Ever since Dr. Arun Kumar completed his public health post-graduation work in India, he has had a passion for working in rural communities. In 2016, after more than a decade in the United States, he returned to India as an emergency medicine specialist and global health researcher for Wayne State University in Detroit.
Coincidentally with Dr. Kumar’s involvement with PPES, it had received a donation to create a separate health center on the school’s campus. With input from Dr. Kumar and others, the Prana Health Center was built to function both as a health clinic for the school children and help meet the community’s health needs. For instance, there is a large room at the Center where education classes take place. Also with a community available for study, Dr. Kumar began investigating the issues and difficulties that affect villagers’ health and developing concrete ways to address those challenges.
Dr. Kumar was involved in developing courses for training community health workers and local doctors in first aid and cardiopulmonary resuscitation. He continues to conduct several research projects at the Center. His first research project was a study to assess what medical resources were needed by the community. “What did they want from us and what assets do they have?” he asked. This needs and assessment study was completed in 2018. He concluded that the best approach to preventing and treating the most commonly encountered diseases, such as infectious diseases and asthma, was to improve the villagers’ health literacy by providing community health education.
Dr. Kumar discovered that many of the obstacles to improving health literacy could be overcome by creating a program to empower the women leaders in the community to become champions of health themselves. In short, these women leaders could become health educators. Dr. Kumar has also met with the district magistrate to discuss various ways to train counsellors in the community and to create additional resources using telemedicine technology.
Another area of study is the prevalence of depression, especially among village farmers. In 2017, after collecting data from a depression survey especially designed for Indian culture, Dr. Kumar began analyzing the data and hopes to publish the results. “We found that the women villagers were significantly more depressed than the men, and that their mood disorder was severe enough to warrant intervention with medication or counseling or both,” he says.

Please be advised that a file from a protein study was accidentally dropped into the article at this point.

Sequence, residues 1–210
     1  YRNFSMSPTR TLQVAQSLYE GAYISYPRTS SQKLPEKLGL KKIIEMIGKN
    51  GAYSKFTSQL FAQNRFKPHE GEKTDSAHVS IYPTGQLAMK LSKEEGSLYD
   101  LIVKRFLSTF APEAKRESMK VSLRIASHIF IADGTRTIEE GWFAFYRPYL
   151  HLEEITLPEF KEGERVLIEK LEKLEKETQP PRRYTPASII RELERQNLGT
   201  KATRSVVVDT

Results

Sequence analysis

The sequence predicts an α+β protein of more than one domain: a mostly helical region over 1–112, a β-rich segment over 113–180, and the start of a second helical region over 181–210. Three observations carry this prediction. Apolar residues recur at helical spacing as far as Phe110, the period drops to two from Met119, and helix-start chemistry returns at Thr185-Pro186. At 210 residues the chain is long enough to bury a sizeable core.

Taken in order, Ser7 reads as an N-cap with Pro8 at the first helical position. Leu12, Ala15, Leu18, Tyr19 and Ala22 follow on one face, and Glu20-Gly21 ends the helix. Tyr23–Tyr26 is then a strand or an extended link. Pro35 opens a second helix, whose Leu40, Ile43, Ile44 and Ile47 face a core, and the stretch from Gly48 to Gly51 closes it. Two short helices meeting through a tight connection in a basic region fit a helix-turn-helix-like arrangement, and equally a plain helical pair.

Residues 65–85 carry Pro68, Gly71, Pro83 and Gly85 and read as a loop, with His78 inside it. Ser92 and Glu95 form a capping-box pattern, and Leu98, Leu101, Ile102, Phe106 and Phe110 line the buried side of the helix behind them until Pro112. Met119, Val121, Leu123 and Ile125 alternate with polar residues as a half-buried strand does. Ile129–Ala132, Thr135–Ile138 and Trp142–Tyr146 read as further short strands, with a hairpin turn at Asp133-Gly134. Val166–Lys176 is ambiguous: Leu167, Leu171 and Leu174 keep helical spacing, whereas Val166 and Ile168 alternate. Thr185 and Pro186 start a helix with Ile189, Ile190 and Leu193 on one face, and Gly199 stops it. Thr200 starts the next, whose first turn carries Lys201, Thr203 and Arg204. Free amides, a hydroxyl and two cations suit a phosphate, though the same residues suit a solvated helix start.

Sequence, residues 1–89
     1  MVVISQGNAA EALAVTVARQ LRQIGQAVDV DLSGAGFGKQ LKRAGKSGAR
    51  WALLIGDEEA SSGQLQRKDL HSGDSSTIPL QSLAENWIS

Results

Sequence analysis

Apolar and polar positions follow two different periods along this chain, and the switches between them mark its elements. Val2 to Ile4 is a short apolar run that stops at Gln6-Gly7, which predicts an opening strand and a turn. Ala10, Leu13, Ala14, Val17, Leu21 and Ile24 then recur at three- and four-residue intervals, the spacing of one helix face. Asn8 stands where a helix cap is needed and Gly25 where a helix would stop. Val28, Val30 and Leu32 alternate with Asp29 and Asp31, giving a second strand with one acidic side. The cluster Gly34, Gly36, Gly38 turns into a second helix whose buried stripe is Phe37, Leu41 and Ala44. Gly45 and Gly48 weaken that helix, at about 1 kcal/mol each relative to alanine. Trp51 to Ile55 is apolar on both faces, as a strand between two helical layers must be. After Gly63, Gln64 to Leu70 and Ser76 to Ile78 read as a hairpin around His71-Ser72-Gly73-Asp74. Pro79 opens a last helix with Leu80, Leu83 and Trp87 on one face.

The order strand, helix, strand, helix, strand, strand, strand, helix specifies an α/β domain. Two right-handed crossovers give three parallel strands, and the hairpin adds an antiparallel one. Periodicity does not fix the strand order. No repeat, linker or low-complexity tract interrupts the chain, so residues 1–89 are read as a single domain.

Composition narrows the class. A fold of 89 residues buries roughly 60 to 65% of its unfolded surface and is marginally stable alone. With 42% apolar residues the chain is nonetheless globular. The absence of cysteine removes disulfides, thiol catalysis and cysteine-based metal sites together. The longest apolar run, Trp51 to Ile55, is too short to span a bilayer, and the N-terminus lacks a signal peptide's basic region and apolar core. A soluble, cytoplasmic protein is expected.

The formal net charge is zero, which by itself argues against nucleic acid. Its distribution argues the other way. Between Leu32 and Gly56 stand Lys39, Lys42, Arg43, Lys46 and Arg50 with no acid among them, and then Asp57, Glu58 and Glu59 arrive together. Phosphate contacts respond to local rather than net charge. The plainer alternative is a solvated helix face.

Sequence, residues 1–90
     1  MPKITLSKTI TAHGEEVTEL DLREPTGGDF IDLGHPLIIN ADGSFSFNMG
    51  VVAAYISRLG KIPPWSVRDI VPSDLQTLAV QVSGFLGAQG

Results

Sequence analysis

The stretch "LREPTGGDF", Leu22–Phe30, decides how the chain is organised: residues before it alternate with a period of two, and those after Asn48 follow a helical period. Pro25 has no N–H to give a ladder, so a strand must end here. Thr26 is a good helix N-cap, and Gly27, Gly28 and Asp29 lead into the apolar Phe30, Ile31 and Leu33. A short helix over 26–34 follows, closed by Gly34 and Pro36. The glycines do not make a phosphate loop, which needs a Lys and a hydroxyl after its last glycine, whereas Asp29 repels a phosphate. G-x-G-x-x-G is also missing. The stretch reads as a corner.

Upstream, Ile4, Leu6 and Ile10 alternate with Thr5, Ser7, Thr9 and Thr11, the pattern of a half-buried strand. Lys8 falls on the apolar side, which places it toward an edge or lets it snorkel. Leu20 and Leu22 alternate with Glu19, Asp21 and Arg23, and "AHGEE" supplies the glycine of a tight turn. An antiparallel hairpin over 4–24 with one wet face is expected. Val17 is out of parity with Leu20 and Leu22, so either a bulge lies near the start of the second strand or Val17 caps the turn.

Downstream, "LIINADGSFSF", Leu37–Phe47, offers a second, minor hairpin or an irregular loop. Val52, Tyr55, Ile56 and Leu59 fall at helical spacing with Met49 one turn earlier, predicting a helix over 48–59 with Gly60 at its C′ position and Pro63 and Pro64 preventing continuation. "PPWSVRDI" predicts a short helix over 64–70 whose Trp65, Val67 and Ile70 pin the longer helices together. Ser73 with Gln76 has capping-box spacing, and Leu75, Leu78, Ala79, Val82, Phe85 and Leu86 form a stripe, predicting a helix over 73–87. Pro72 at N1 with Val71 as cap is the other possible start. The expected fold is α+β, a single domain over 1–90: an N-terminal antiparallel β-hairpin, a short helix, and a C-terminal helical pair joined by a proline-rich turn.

Getting a laboratory at the Prana Health Center to do testing at a reasonable cost was another goal. Today, the laboratory can do a complete blood count and urinalysis and test for dengue fever test and cholera. Dr. Kumar hopes to be testing for TB, malaria, and Covid soon. During this process, he has also installed a “tele portal” device that transmits heart and breath sounds and an electrocardiogram remotely.
In addition to his health care work and research, he also lectures and mentors the senior students. “I talk with them about career options and how they can pursue them. My aim is to prepare the girls for the medical school entrance exams. A few girls do become nurses, but so far no one has managed to pass the medical school exams,” says Dr. Kumar. “I’m confident in the next five years, I will see several girls becoming exceptional physicians!”
Dr. Kumar is an associate professor of emergency medicine at Wayne State University and Co-Director of the Global Health Section and GUEM Fellowship at Wayne State University (WSU), which conducts virtual clinical research training workshops for junior faculty and investigators especially from LMIC’s. He also has a Master degree in Public Health from the University of Michigan. Currently, his clinical research focuses on cardiovascular emergency medicine and women’s health. His goal is to develop clinical research capacity in LMICs.